In the XVIth century, Duke Charles III could not preserve Savoy from invasion. Most of the Duchy was occupied by France, whereas soldiers from Bern occupied Chablais and set up in Thonon a bailliwick, building the first city hall. They sent to Chablais the Protestant pastors Farel and Fabri, who caused a lot of trouble, and suppressed the Roman Catholic cult. Bern withdrew from Chablais in 1567 but war broke out between Savoy and Geneva, which seized up Thonon, then lacking any city walls, in 1589. After several episodes of Savoyard reconquest and Genevan occupation, Chablais was eventually retroceded to Savoy in 1598 by the treaty of Vervins. The treaty of Thonon, signed in 1569 with Valais/Wallis, set up the eastern border of Savoy at the river Morge. The Morge is still the border between France and Switzerland, separating the village of Saint-Gingolph into a French and a Swiss municipalities.
Thonon and the Counter-Reformation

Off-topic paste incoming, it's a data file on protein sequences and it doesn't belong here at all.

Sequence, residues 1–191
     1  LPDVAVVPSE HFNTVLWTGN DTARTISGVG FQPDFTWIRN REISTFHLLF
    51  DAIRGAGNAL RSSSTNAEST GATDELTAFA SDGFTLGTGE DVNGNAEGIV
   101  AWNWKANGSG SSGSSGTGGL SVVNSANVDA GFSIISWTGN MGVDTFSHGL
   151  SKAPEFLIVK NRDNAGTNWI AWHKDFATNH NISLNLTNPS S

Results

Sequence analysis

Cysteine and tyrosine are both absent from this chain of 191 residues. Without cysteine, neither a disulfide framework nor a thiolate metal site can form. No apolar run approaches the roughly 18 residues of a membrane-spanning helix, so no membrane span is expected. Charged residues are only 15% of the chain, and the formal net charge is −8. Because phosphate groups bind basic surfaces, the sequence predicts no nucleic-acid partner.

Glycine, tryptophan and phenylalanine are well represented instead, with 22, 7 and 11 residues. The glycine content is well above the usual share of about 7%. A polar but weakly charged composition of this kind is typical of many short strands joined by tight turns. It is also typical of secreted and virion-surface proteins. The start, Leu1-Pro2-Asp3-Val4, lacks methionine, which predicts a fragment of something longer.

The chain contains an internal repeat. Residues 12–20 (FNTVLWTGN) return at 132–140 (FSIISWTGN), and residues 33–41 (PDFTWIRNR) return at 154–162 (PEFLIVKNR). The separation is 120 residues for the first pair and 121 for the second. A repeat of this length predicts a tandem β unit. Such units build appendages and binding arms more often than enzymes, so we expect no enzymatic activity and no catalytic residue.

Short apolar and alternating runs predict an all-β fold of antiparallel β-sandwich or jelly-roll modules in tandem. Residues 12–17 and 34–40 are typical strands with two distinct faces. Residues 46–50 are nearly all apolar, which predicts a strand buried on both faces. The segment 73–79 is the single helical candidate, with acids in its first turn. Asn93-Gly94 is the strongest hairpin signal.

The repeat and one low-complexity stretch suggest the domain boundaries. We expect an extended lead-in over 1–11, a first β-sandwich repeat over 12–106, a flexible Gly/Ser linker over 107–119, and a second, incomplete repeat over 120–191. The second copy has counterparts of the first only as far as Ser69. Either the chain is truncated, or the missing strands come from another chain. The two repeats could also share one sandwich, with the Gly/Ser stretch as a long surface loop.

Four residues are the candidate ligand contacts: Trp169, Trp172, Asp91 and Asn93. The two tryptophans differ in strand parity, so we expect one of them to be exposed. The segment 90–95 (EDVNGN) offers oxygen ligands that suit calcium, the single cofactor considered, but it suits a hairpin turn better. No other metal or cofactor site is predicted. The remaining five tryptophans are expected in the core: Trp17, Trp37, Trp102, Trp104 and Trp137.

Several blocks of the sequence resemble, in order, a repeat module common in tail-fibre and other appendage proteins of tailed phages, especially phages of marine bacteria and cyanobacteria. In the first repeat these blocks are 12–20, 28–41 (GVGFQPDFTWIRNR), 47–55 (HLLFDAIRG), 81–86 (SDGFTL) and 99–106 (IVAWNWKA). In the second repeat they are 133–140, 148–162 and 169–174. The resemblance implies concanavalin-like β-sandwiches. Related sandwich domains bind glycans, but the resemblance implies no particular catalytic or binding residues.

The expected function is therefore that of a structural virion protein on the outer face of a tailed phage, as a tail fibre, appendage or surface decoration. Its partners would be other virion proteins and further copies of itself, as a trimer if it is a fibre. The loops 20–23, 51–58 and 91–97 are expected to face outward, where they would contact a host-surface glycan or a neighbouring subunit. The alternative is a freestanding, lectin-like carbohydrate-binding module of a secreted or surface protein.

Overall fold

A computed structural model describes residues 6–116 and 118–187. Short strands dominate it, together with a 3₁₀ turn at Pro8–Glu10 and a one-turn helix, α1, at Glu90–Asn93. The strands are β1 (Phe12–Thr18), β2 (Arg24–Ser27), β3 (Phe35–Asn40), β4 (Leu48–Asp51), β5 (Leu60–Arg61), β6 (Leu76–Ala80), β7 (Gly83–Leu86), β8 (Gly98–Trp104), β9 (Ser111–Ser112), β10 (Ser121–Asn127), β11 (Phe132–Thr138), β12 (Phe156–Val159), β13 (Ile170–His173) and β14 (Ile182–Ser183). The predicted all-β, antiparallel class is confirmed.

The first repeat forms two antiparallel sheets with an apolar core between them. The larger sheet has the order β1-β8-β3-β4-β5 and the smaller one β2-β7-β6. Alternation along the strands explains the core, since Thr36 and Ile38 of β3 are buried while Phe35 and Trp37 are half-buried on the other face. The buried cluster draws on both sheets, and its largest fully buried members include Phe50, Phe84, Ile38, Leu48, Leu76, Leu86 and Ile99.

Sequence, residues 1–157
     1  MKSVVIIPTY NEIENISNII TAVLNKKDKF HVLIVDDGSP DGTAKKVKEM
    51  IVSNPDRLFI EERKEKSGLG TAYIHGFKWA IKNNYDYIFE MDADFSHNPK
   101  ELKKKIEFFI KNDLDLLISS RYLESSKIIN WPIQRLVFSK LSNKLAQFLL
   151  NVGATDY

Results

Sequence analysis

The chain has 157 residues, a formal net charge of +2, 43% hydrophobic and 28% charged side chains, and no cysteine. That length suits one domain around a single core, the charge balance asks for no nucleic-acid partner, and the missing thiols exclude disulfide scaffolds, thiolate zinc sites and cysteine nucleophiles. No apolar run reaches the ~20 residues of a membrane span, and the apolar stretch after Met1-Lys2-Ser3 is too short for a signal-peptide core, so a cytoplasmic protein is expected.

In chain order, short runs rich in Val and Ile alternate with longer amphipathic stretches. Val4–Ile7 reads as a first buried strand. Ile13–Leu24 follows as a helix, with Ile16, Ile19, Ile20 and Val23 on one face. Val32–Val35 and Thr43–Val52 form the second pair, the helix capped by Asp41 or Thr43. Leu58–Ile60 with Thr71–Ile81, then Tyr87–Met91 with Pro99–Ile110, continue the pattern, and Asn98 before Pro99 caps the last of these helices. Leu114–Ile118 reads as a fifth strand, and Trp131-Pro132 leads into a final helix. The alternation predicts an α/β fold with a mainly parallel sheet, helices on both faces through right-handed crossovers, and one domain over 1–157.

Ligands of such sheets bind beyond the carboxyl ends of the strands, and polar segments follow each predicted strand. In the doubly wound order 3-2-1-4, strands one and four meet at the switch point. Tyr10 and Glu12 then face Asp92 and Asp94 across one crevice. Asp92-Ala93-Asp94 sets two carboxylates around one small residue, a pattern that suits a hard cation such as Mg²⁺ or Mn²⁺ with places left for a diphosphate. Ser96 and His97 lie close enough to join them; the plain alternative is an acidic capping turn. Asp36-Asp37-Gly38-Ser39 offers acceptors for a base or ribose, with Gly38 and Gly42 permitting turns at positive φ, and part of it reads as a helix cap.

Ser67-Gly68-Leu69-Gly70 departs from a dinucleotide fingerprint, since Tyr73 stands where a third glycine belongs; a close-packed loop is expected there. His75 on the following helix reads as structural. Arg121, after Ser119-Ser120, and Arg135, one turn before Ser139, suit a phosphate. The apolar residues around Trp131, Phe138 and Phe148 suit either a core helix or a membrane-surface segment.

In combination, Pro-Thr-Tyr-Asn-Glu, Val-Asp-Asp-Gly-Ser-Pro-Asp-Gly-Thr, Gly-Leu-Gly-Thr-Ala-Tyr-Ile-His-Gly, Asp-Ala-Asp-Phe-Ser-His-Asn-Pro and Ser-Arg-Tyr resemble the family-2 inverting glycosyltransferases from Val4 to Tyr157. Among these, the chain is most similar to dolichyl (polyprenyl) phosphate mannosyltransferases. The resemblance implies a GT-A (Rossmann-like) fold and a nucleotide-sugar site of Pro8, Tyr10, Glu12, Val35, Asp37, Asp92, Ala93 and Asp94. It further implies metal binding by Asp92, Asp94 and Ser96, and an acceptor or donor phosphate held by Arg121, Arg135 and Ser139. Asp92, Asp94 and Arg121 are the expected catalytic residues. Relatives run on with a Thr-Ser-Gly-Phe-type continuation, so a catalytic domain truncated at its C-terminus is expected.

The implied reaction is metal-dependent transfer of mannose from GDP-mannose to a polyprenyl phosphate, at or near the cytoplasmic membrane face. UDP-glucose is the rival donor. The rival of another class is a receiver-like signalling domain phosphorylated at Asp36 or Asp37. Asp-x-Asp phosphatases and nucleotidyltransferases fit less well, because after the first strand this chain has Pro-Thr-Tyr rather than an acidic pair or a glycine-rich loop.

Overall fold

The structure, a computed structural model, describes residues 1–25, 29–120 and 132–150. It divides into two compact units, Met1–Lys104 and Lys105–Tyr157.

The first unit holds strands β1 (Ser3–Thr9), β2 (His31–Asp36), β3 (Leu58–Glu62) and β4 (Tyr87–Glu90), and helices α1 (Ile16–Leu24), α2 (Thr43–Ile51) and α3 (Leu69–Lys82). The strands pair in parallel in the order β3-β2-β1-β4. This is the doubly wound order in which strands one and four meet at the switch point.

Chablais was still a Protestant country, and the duke commissioned
François de Sales (1567-1622), Prevost of the cathedral of
Geneva-Annecy, to convert the Chablais back to the Roman Catholic
religion. François was a brilliant, lively preacher, but the local
people were hard to convince. Since people did not want to hear him,
François wrote his best lectures on small paper leaflets he slipped
nightly under the doors of their houses. This original propaganda was
fruitful when a few notables converted back to Catholicism. On 24
December 1596, François celebrated the first midnight mass since 60
years on the new altar of the St. Hippolyte's church. In 1598, he
organized the Quarante Heures de Thonon (Fourty Hours), a ceremony
presided on 20 September by the Duke of Savoy and on 1st October by the